As a footballing country USA has a decent enough team to compete with nations from the
American continents. But they fail to match the level of European giants who have been
b dominating in the world of soccer. The MLS is still considered as the farmer’s league and
has failed to produce top quality players for the US national team.
The top ten most valuable football clubs are in Europe. Although the spending power is not
comparable to the European clubs there is no dearth of investment in the MLS. After all they
pay huge money to attract star players from Europe who have reached the later stages of
their career. But that investment isn’t being reflected in the quality of players which might be
one of the reasons why USA failed to qualify for the 2018 Russia World Cup.
The paradoxical nature of Soccer in America
USA’s failure to qualify for the World Cup last year revealed the true status of soccer in
America. There had been a false sense of security regarding their position in world soccer as
they had managed to feature in the WC finals on a consistent basis. They took their
CONCACAF opponents for granted and got punished for it.
A lot of criticism was thrown the US team’s way by the media and the fans. The team was
struggling to cope with the failure and their frustration was showing. This was particularly
true for the youngest US captain who led his team in the final qualification round against
Trinidad and Tobago. They lost the match 2-1 and Pulisic unable to carry the weight of
expectation could only weep in the showers.
Another side of American soccer is Christian Pulisic’s superstar status in European football,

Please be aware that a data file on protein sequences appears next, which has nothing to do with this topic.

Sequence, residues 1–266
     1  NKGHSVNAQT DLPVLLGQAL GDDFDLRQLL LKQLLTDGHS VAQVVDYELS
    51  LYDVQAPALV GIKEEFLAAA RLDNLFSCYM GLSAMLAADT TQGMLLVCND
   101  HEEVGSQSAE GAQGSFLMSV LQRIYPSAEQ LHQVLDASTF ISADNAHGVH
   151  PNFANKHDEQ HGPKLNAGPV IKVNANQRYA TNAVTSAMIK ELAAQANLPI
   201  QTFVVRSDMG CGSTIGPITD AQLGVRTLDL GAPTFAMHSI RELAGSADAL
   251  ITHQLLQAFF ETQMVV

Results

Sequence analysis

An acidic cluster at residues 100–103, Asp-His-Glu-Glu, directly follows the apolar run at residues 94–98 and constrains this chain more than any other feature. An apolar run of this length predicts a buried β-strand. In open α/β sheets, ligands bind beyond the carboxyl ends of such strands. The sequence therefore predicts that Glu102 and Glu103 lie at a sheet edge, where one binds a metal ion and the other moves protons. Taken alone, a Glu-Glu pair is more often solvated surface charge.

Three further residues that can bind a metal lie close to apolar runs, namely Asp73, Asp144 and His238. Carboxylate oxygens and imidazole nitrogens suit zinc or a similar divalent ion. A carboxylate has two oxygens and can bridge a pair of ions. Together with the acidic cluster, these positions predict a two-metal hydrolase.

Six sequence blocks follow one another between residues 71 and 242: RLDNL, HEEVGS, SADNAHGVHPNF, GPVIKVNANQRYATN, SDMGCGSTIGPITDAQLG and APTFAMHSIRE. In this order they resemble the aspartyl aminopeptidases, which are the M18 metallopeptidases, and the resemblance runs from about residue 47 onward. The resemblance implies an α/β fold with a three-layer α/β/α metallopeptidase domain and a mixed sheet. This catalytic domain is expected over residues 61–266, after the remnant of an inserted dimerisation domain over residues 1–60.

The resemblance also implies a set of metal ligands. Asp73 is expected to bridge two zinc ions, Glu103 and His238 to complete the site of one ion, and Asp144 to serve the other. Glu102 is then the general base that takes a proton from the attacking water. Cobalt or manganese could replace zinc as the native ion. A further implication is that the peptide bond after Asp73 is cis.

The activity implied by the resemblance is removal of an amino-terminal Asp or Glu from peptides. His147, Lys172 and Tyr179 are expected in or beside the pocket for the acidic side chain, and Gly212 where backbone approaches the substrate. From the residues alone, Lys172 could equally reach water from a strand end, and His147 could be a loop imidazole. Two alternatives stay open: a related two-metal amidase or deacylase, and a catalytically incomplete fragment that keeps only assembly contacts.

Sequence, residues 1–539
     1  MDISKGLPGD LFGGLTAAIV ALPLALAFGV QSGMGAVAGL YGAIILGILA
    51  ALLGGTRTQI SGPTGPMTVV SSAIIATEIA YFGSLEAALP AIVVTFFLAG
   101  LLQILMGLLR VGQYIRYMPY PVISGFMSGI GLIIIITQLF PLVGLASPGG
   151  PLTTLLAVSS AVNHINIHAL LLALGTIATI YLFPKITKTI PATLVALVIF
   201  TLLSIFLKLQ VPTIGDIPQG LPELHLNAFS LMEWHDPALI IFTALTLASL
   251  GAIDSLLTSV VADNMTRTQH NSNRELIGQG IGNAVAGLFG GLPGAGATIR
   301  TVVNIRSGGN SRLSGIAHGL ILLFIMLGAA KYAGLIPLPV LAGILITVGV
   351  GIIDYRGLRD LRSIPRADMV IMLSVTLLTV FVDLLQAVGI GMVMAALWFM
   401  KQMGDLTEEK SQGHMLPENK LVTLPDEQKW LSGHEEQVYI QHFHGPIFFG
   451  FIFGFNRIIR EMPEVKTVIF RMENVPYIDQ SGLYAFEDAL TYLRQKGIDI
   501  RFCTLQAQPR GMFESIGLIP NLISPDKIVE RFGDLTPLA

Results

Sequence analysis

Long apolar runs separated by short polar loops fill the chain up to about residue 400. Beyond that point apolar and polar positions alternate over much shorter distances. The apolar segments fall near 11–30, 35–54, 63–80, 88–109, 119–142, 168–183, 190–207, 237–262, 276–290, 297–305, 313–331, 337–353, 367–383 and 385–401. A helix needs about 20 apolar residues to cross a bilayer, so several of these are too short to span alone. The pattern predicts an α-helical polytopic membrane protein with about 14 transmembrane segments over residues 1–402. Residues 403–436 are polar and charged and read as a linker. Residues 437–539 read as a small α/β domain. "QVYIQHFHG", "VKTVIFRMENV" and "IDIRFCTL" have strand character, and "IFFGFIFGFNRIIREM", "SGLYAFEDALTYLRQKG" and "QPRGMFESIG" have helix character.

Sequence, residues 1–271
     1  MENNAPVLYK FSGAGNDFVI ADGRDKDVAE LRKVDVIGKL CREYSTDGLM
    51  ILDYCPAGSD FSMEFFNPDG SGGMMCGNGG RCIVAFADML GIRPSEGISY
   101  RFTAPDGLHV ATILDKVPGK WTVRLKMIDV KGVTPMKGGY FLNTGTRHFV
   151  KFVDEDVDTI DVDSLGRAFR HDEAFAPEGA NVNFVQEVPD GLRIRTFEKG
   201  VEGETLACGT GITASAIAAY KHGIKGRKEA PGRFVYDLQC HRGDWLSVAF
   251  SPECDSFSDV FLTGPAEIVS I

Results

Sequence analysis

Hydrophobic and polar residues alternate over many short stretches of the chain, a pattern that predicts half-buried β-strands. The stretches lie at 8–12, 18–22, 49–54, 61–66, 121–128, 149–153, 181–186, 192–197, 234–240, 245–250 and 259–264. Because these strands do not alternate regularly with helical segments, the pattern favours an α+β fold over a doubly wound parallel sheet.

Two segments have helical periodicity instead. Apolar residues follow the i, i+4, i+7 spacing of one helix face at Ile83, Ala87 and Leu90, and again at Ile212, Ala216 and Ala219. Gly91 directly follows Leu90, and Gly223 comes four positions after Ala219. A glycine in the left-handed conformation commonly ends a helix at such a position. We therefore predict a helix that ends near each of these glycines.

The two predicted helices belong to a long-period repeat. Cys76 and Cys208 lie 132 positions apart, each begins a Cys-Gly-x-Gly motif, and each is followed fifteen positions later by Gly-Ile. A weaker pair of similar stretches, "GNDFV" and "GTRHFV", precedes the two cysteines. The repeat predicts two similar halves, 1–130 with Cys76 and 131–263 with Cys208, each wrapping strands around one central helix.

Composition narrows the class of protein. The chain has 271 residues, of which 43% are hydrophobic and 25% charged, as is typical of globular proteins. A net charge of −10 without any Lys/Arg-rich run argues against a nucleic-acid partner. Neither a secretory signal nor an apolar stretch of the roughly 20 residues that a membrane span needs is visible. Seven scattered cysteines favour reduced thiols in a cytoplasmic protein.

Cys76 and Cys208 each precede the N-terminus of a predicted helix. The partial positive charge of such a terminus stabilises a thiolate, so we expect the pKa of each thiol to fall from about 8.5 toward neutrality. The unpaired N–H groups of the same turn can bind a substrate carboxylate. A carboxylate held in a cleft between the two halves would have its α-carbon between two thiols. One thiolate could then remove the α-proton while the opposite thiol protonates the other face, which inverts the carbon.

confirmed recently after his transfer to Chelsea from Borrussia Dortmund. The 64mn Euros
Chelsea paid for him is the highest transfer fee for a US national. Several young and exciting
players have been rising on the European scene in recent years, Tyler Adams, Weston
McKennie and Timothy Weah to name just a few.
There is no hiding the fact that there are a lot of problems with the youth setup for soccer in
America. But is the current crop of talented players across Europe indicative of a change?
A False Dawn
The reason so many American soccer players are making heads turn in Europe is not
because there have been improvements in the American youth setup. It is exactly the
opposite of that. These players are doing well because they moved away from America.
Take Christian Pulisic for example, he went to Germany when he was fourteen and quickly
progressed. At just 20 years old he already has three years of first team soccer under his
belt. Had he stayed in America it is likely he might have gotten his first chance at 20.
The structure of the youth system at the grassroots level is to blame for America’s failure to
produce top players. Children have to pay ridiculous amount of money to join academies.
Unless a youth system modelled on the European one isn’t adopted the future will remain
bleak for the USA.